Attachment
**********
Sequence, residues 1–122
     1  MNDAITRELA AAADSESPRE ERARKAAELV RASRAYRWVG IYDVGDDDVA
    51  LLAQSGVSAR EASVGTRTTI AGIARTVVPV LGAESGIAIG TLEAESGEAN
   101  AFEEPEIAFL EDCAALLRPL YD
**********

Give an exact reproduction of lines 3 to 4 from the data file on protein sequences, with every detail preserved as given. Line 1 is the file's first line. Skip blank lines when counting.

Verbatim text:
    51  LLAQSGVSAR EASVGTRTTI AGIARTVVPV LGAESGIAIG TLEAESGEAN
   101  AFEEPEIAFL EDCAALLRPL YD